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The Market for Smart Cities Is Worth €800 Million and Growing

Investments in ICT solutions for Smart Cities in Italy were worth just over €800 million in 2022 and are expected to grow to nearly €1.6 billion in 2027 according to estimates by the Smart Cities Observatory of the Politecnico di Milano. More than €100 billion are coming through European programs, plus €2.5 billion for metropolitan cities in the National Recovery and Resilience Plan (NRP).



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The market for Smart Cities in Italy is growing, projects are proliferating and Italian municipalities are beginning to reap the benefits. However, there is still a lack of a structured strategy for the integration of the different verticals related to Smart Cities, and the exploitation of data is not yet matched with dedicated skills and valuable collaborations between Public and Private.

In this context, programs such as Bravo Innovation Hub dedicated to “Green Mobility and Smart Cities” offer startups a significant growth opportunity and our cities the chance to increasingly transform themselves into smart, green, and collaborative places. Bravo Innovation Hub is Invitalia’s acceleration program, implemented by Nana Bianca, Apply Consulting, and StartupItalia, being held in Cagliari. Ten startups are completing acceleration at the Metropolitan Library and Multipurpose Hall, inside Monte Claro Park.

The use of digital technologies applied to Smart Cities will improve the efficiency of traditional services for the benefit of citizens and businesses, with the aim of making cities more sustainable. Let’s look at the international and Italian scenarios.

Read more about the Smart Cities market and find the latest business news of the day with the Born2Invest mobile app.

World Population and Smart Cities

Currently, 56 percent of the world’s population lives in cities, a percentage that is constantly growing. By 2050, the urban population is projected to account for 66 percent of the world’s population. Projections indicate that the world population could reach 9.7 billion individuals by 2050 despite predictions of a slowdown in population growth. This population growth will lead to a significant increase in urban population, with an estimated increase of about 2.5 billion people, mainly in Asia and Africa. In this context, Smart Cities and the adoption of innovative technologies can play a crucial role in ensuring efficient resource management and improving citizens’ quality of life.

How much do our cities consume?

Focusing on the numbers helps to better understand the order of priorities and the importance of thinking about cities from a Smart perspective. According to World Bank 2018 data, the PCC Special Report on global warming, and the United Nations Report, contemporary cities produce 75 percent of the world’s waste, 80 percent of the world’s greenhouse gases, and engage 75 percent of total energy consumption.

Numbers that motivate investments and forecasts to make urban aggregates more efficient and less polluting. In fact, smart city devices have increased from 117 million in 2018 to 399 million by the end of this year. The projection for 2025 sees more than 500 million devices worldwide. According to MarketsandMarkets’ Smart Cities 2022 report, the value of goods and services currently stands at $577 million but is estimated to exceed $1 trillion by 2027. The distribution of growth will be mainly in services, followed by transportation, utilities, and building construction.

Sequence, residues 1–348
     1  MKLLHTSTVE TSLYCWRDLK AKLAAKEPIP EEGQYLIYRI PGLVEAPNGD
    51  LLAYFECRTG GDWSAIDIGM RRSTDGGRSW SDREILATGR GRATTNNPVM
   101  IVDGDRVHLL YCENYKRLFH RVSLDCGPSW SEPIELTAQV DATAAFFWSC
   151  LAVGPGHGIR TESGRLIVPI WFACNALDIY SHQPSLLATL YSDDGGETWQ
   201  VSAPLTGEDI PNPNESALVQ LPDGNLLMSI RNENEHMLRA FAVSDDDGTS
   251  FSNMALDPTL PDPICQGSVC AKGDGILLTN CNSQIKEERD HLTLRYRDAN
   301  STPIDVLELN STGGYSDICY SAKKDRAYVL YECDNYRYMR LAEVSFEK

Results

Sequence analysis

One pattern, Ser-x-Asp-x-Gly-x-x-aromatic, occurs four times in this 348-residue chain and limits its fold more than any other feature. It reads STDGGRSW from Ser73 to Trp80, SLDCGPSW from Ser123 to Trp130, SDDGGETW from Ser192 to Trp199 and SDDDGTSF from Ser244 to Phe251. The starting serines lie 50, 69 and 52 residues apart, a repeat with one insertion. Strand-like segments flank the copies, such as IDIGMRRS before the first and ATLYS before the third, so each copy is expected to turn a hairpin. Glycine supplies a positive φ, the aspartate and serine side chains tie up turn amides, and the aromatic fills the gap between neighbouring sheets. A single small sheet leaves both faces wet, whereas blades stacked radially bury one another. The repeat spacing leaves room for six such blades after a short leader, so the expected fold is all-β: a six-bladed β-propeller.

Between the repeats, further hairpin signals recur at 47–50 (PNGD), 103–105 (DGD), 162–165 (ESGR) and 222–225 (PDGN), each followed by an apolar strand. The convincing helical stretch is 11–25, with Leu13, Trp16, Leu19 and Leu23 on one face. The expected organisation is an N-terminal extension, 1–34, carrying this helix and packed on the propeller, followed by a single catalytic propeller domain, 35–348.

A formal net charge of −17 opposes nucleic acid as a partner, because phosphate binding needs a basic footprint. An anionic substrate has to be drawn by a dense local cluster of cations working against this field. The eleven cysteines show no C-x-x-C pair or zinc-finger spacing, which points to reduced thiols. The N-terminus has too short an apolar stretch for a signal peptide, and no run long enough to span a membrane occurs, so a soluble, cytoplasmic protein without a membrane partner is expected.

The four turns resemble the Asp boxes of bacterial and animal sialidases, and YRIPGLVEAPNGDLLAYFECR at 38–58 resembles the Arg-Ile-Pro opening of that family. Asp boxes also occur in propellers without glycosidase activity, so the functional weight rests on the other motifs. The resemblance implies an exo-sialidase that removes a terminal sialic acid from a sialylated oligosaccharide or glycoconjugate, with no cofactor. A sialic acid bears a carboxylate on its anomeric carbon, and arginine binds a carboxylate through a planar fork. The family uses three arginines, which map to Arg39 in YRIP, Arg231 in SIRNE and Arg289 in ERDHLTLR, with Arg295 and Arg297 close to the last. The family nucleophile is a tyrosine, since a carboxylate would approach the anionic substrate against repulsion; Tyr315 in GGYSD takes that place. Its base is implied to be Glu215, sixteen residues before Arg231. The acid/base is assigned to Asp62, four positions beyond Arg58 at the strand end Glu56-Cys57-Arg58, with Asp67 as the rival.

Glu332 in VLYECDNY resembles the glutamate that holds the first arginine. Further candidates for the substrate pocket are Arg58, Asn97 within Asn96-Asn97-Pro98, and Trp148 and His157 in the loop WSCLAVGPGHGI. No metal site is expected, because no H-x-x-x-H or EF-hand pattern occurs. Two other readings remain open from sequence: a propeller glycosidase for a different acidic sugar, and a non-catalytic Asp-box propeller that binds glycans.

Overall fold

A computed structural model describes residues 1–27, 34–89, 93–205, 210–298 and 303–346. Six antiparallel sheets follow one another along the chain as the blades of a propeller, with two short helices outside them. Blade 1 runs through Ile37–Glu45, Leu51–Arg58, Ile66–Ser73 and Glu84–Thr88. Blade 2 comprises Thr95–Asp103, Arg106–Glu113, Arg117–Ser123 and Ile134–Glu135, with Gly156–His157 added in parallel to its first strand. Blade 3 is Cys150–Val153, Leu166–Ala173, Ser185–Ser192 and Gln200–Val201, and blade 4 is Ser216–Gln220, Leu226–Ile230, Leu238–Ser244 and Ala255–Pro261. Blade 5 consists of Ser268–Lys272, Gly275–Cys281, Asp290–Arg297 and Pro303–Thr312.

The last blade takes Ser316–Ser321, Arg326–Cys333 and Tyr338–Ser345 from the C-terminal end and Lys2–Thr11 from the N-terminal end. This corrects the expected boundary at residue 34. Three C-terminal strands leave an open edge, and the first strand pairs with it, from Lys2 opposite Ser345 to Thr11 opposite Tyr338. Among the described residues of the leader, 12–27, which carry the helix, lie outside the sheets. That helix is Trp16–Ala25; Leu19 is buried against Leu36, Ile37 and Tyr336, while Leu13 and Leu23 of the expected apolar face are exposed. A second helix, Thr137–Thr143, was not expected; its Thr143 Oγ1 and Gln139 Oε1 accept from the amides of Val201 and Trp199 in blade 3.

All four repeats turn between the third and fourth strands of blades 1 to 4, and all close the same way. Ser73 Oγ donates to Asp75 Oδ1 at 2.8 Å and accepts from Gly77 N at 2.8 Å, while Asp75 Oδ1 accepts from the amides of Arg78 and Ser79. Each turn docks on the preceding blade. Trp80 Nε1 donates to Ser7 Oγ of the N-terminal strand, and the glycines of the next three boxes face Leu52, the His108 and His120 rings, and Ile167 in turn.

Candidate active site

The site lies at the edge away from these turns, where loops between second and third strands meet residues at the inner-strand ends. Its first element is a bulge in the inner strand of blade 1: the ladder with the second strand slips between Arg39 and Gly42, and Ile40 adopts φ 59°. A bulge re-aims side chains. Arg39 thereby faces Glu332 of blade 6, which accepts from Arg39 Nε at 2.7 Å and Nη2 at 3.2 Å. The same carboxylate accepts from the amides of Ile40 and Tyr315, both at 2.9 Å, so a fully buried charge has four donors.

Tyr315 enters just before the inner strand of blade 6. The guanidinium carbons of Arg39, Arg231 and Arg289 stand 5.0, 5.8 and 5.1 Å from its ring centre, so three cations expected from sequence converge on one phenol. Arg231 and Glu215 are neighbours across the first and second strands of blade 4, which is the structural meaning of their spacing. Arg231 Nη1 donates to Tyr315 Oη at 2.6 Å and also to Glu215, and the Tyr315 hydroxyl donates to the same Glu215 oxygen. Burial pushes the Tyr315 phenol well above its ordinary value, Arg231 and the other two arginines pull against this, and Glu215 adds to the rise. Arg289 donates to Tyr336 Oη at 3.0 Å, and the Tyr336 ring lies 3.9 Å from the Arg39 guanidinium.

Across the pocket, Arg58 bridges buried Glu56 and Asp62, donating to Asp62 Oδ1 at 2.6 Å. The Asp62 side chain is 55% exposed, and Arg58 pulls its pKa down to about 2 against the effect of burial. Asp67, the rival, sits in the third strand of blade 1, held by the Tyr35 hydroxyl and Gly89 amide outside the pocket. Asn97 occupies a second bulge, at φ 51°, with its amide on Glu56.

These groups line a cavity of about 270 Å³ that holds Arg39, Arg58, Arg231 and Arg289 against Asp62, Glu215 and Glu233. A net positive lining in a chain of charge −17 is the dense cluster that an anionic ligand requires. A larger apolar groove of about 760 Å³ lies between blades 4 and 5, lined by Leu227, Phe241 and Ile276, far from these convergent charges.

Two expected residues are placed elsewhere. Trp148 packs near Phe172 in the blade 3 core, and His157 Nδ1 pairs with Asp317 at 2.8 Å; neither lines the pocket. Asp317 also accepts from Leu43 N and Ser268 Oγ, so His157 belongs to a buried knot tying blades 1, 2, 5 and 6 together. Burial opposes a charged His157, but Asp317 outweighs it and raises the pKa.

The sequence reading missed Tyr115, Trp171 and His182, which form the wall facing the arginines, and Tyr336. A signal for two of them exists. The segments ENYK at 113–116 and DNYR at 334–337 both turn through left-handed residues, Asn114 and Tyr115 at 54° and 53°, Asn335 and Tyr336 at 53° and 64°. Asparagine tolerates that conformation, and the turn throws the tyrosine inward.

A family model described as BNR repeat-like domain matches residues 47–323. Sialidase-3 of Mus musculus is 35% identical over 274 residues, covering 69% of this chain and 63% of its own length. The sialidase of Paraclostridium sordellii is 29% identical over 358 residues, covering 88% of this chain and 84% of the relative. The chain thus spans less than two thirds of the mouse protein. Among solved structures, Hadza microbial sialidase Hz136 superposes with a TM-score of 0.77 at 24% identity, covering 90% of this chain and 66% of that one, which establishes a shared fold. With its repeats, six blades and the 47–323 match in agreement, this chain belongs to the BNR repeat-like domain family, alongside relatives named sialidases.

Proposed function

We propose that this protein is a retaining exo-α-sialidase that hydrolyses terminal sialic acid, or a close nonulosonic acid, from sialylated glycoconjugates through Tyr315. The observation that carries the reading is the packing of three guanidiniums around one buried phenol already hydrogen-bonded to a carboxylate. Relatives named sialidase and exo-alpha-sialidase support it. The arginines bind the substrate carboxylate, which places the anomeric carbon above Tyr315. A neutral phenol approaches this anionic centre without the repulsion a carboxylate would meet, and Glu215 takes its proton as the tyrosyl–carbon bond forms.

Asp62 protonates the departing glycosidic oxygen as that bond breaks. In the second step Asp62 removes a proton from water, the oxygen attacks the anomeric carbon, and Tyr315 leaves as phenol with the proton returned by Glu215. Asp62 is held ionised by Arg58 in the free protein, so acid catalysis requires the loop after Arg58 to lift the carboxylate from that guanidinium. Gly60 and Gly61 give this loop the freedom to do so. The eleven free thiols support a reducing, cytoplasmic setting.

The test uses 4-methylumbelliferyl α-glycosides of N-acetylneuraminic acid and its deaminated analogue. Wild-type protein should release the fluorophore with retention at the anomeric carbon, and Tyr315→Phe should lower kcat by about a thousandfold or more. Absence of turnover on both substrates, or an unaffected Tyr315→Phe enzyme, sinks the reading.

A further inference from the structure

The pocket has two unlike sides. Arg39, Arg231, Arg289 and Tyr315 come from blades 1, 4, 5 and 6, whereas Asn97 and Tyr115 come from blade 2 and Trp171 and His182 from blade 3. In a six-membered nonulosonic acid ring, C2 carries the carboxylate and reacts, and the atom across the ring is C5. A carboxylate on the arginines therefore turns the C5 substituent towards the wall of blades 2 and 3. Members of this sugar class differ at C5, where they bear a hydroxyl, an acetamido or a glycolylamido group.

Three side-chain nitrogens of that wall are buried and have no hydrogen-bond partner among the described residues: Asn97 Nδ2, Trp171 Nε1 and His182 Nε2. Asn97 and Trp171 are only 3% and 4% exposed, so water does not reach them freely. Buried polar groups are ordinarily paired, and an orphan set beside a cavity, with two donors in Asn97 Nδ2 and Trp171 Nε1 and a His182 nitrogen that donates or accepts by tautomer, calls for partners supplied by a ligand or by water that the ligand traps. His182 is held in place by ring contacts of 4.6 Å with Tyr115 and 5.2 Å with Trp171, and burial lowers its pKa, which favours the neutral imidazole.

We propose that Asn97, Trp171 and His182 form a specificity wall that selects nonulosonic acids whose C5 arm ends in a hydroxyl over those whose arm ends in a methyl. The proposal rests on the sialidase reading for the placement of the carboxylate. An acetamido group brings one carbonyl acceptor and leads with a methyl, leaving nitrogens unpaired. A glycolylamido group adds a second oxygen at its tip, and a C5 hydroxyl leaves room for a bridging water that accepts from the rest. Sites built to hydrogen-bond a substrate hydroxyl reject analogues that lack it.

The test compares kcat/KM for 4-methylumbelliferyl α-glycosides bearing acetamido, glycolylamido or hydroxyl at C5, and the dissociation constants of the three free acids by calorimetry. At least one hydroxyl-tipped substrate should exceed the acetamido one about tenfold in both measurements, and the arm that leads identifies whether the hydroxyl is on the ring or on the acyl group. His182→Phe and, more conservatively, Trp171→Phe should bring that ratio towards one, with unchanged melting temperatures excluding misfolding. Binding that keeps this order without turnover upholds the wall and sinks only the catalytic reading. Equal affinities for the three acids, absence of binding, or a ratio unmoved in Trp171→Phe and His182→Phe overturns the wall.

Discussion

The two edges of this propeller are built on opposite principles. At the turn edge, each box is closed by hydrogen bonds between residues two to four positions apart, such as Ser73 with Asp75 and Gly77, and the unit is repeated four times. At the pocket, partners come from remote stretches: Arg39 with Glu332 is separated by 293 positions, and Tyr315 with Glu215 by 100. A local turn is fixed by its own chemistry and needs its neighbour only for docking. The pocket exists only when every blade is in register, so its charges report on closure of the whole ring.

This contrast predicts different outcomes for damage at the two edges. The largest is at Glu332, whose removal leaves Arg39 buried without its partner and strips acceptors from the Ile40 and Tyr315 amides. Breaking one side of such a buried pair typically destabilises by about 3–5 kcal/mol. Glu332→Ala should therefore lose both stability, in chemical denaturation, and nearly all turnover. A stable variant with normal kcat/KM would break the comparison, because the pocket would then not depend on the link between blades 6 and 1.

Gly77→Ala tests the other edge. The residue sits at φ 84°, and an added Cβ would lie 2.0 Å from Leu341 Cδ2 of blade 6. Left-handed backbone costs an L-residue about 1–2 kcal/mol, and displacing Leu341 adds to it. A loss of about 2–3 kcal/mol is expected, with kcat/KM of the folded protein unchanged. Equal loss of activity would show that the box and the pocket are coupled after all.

In Europe, we can rely on unprecedented public funding to promote the sustainable development of urban areas. Just think of EU programs such as Horizon 2020 and Horizon Europe. In the 2014-2020 period, Horizon 2020 has allocated more than €85 billion to support research and innovation projects, including those dedicated to Smart Cities. The new European project, Horizon Europe, covering the period 2021-2027, has an even larger budget of €100 billion. Again, a major item of spending is earmarked for Smart Cities. The goal of the project is to support the systemic transformation of 100 European cities toward climate neutrality by 2030.

Among the major segments of the Smart Cities market, a report by Grand View Research estimates that smart infrastructure will be the most profitable sector, with an estimated value of more than $1 trillion by 2025. At the same time, research by MarketsandMarkets indicates that the traffic management sector will be worth about $400 billion by 2025. Energy efficiency, public safety, waste management, digital health, and e-government services will help consolidate the Smart Cities market.

The Smart Cities Market in Italy

As far as Italy is concerned, investments in ICT solutions for Smart Cities were worth just over €800 million in 2022 and are expected to grow to nearly €1.6 billion in 2027 according to estimates by the Smart Cities Observatory of the Politecnico di Milano. More than €100 billion are coming through European programs, plus €2.5 billion for metropolitan cities in the National Recovery and Resilience Plan (NRP).

The year 2022 was a good year characterized by a very marked growth, + 23%, compared to 2021. Growth is also due to the allocation of the first PNRR-related funds. Weighing most heavily are well-established applications, such as public lighting (24%), Smart Mobility (21%), and Smart Metering (the systems that enable remote reading and remote management of electricity, gas, and water meters) along Smart buildings (12%). Energy-related solutions (13%), such as Smart Grid and renewable energy communities, are also growing, thanks precisely to NRP funds.